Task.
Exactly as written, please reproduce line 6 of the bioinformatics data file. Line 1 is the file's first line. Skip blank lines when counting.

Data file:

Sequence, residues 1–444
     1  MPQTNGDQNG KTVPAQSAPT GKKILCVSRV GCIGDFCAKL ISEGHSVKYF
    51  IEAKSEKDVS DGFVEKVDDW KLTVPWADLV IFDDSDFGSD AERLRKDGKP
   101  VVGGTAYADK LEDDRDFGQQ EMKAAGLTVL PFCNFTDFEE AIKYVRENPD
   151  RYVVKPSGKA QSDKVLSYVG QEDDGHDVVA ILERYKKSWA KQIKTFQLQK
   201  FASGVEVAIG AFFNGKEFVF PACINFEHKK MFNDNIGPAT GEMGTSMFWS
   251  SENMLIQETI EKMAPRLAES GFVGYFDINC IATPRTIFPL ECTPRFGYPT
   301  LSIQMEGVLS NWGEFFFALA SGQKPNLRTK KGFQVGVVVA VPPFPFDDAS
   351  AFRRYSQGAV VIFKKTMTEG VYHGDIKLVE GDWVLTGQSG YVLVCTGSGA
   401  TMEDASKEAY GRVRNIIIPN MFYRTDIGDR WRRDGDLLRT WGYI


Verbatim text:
   201  FASGVEVAIG AFFNGKEFVF PACINFEHKK MFNDNIGPAT GEMGTSMFWS